For users who prefer traditional telephones, not specialized equipment, Internet telephony gateways can be used where two users communicate without having a computer at either of their locations. A gateway's basic architecture involves a user connection via the PSTN. The gateway computer then searches for another gateway computer near the target location and makes a connection using circuit switching. When this connection is made, the second gateway utilizes the local PSTN to complete the collection of the call. Though this type of call isn't completely IP, it does suggest possible future solutions for integrating the current PSTN and the VoIP system. Table 3 compares four implementations for supporting VoIP.
However, data packets traveling through the Internet may not be secure and may require encryption, adding overhead by increasing the necessary bit rate beyond 14Kbps, hence reducing the bit rate advantage of VoIP over PSTN. Encryption also increases the end-to-end latency caused by the processing delay for encryption and decryption.
Meanwhile, technology support for VoIP has begun to mature on a number of fronts. The newer generations of routers and switches are faster and better able to handle the added load of real-time data packets. Beyond the advances in compression and equipment, protocol support in the form of the Resource Reservation Protocol (RSVP) and IP version 6 (IPv6) are also starting to mature. These protocols offer ways to prioritize voice traffic over the Net, helping improve QoS, especially when the network is congested.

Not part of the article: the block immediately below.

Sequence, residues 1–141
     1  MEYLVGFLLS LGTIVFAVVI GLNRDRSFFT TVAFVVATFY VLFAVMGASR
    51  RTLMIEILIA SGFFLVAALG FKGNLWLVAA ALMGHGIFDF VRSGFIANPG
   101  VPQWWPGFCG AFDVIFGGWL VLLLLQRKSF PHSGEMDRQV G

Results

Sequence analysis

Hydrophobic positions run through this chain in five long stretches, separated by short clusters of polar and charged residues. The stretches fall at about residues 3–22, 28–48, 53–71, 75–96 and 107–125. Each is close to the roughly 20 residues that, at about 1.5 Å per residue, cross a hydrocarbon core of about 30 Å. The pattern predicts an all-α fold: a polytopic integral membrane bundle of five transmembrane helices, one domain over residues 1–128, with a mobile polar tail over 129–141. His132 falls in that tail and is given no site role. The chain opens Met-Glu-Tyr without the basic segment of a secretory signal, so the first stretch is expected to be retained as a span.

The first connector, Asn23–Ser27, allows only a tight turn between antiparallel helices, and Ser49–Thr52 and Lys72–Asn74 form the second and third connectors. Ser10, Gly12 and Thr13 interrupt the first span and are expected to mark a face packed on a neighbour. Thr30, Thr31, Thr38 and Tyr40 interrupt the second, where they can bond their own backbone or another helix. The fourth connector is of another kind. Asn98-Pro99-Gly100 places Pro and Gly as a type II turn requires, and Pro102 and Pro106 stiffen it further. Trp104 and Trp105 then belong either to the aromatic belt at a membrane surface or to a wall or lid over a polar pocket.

Just as in conventional telephony, VoIP needs a connection between users, though in the case of VoIP, a virtual connection. VoIP architecture involves many components. First, a signaling protocol is needed to set up individual sessions for voice connections between users . Once a session is established, a transport protocol can be used to send the data packets. Directory access protocols are another important part of VoIP, providing routing and switching information for connecting calls.